Abigail Williams was orphaned when she was a child, when her parents were murdered by native Indians. She was then taken in by Reverend Parris, her uncle, and was able to find employment in the Proctor household, which led to the development of the conflict in The Crucible. Abigail was sent away from the Proctor household after Elizabeth found out about the lecherous acts between Abigail and John Proctor. The build up of experiences, from the murder of her parents up until the first act probably led her to the current disposition she is in during the play. She easily prioritizes her own desires at the expense of others, even going to the extent of cursing Elizabeth Proctor during prior to the first act and, later on, blaming Elizabeth Proctor for practicing witchcraft. Abigail Williams does not seem to be bound by moral standards, as seen in her continuing active participation in the witch hunt and conviction of a number of Salem's citizens. Her knack for mischief develops further towards the third act, when Mary Warren came forward with the claim that she had lied about being afflicted by supernatural forces. This statement could have displaced the previous accusations that Abigail and her friends had given in the past. Abigail, recognizing the possibility of being imprisoned for deceiving the court, started acting as if Mary Warren had cast her spirit on Abigail and her friends. Mischief turned into vengeance at this point, when the girls were too deep into their lie that self-preservation and hatred towards those endangering that self-preservation fueled their actions.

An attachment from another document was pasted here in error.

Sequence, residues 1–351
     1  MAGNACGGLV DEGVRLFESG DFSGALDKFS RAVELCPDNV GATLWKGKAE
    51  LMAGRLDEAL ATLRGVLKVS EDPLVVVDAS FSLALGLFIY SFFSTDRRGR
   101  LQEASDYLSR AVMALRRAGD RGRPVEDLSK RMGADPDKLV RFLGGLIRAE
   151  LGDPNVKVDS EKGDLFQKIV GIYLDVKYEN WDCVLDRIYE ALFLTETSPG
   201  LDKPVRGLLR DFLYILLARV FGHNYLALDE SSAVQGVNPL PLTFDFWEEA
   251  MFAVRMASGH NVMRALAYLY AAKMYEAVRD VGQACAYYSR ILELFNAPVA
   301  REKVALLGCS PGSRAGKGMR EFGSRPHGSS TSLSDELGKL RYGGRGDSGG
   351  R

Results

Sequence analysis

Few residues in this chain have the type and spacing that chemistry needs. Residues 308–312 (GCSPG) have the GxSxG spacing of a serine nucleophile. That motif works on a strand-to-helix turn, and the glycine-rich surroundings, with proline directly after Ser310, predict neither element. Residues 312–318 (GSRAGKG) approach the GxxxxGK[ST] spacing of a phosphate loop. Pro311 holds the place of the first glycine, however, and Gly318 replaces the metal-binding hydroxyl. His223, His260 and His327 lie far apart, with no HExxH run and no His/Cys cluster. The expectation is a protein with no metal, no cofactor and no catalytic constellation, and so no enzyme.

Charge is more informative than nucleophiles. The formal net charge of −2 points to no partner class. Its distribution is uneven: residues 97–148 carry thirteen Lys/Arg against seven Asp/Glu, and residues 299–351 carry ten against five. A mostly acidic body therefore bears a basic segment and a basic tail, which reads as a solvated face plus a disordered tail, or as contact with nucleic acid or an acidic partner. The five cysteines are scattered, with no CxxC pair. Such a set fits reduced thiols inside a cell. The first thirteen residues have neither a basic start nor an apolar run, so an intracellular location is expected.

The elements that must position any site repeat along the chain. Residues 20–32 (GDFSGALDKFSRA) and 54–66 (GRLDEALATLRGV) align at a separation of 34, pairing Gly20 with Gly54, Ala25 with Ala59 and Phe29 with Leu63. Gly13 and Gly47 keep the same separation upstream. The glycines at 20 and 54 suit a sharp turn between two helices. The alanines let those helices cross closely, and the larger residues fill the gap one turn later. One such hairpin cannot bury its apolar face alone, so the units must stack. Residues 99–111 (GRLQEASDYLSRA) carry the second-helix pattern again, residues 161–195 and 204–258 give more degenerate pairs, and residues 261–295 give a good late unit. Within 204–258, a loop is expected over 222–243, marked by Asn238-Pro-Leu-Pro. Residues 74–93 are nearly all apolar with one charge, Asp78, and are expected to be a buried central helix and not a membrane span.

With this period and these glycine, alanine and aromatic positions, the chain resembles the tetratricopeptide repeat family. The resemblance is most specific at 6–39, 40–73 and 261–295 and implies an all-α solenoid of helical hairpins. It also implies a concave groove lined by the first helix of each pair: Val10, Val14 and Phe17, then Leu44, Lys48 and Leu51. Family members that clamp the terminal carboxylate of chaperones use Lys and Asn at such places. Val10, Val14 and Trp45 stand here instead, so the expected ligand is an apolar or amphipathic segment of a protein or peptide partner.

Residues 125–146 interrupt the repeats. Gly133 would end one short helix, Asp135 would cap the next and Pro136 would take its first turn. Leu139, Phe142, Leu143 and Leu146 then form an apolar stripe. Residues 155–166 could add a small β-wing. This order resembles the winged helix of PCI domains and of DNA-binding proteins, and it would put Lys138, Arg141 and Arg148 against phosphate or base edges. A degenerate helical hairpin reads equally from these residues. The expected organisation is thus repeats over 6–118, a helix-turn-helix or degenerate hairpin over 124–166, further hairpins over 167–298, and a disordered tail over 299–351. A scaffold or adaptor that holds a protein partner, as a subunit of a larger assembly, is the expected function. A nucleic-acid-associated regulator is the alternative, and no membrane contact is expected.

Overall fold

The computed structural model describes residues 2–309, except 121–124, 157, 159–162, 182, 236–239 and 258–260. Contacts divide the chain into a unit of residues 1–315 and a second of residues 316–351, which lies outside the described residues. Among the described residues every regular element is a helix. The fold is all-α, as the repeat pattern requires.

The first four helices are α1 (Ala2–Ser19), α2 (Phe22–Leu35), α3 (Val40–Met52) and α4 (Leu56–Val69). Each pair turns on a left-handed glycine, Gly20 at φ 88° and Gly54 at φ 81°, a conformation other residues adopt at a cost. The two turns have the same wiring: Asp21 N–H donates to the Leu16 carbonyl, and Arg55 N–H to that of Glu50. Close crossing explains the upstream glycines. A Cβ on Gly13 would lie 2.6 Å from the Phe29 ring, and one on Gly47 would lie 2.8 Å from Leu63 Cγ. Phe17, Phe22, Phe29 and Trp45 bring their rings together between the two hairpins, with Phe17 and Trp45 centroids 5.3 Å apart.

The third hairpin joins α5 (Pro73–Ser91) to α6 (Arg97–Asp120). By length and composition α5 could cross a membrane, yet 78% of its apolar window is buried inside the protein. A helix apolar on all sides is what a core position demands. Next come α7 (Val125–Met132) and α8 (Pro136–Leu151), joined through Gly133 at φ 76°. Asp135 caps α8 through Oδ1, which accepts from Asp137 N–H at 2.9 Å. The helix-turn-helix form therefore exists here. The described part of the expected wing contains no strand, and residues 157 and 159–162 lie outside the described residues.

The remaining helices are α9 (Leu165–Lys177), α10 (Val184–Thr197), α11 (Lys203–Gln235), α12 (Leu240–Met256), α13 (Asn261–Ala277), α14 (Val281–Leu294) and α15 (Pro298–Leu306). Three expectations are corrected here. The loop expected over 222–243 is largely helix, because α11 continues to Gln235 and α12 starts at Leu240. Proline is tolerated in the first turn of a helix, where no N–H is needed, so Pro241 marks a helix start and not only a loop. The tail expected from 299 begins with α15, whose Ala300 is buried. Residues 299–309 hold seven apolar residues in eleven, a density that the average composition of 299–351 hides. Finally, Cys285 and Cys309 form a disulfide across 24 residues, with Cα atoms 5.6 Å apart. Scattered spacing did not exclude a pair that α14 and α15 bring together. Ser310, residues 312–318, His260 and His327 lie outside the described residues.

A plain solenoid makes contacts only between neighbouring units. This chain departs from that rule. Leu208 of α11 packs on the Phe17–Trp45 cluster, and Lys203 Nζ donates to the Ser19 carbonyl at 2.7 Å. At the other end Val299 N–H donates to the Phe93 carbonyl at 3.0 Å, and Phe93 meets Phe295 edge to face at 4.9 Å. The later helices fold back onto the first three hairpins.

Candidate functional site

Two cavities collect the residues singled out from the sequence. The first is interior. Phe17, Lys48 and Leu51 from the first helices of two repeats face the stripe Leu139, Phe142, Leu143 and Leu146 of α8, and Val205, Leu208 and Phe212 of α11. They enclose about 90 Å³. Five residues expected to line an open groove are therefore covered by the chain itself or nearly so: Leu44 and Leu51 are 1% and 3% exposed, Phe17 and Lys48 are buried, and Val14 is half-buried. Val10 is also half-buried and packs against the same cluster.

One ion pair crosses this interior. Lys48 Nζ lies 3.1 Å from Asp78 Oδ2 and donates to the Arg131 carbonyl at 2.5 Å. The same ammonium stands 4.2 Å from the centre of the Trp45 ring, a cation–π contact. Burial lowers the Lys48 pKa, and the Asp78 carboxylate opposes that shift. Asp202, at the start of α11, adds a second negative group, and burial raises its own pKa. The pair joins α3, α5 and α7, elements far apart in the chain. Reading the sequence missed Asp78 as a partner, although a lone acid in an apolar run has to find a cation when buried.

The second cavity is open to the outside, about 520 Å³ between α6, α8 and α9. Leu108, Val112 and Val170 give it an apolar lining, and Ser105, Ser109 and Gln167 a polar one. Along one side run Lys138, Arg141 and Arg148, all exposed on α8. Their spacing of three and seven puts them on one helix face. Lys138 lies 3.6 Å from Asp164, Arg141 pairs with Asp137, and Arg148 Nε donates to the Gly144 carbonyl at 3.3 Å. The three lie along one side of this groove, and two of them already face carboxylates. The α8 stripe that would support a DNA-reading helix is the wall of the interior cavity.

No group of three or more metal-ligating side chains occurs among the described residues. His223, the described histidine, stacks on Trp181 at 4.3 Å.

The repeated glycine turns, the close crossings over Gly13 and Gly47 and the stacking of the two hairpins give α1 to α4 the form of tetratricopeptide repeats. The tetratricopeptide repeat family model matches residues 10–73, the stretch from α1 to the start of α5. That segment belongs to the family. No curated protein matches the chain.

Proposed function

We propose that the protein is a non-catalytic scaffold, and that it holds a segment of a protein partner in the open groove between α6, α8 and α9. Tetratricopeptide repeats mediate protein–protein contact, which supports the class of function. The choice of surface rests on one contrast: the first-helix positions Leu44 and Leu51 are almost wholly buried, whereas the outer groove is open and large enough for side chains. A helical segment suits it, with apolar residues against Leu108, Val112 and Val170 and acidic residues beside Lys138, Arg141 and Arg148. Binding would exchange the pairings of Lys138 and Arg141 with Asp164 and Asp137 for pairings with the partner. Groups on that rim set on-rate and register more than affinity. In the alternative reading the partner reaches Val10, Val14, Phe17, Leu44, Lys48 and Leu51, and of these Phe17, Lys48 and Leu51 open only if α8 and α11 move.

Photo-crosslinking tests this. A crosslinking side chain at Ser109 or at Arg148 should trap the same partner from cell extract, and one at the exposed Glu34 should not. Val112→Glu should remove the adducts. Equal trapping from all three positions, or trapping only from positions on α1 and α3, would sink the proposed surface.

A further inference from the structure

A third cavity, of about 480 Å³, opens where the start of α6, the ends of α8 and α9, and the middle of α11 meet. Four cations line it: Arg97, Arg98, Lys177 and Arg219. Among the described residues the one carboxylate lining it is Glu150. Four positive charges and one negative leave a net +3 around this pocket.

Reverend Hale was a minister at Beverly who was summoned to Salem by Reverend Parris for his (Reverend Hale's) experience in dealing with the supernatural. His character balances out that of the other characters. Reverend Hale was motivated, from the beginning, to bring out the truth and not for any personal motives unlike the others: Abigail Williams, motivatged by mischief and vengeance; Thomas Putnam, motivated by greed and materialism; Reverend Parris motivated by lust for influence; and, Danforth, motivated by politics. He approached the case of Betty Parris systematically, with a clear head and no biases, which acted as a buffer for the different conflicts that were experienced. He was conscientious and sympathetic throughout the whole play, backed with his quest to bring the truth forward. He was the one who sided with Mary Williams, Giles Corey, Francis Nurse and John Proctor when they came forward in the third act with Mary's confession to the false claims of Abigail. Even after a few months had passed since the incarceration of John Proctor and the death of others, Reverend Hale came back to Salem in the effort to bring people close to God in that dark time, and possibly to plead with them to confess in order to spare themselves from execution.

In a society that encourages moderation and balance between work, family life, community and religion, it seems that Aristotle's golden mean is not heeded. Puritanism encourages that religion guide, but not lead, the actions of citizens. This shared value brings the people of the community together, which is important considering that the colony in the New World was newly established and harmony within the community contributes to the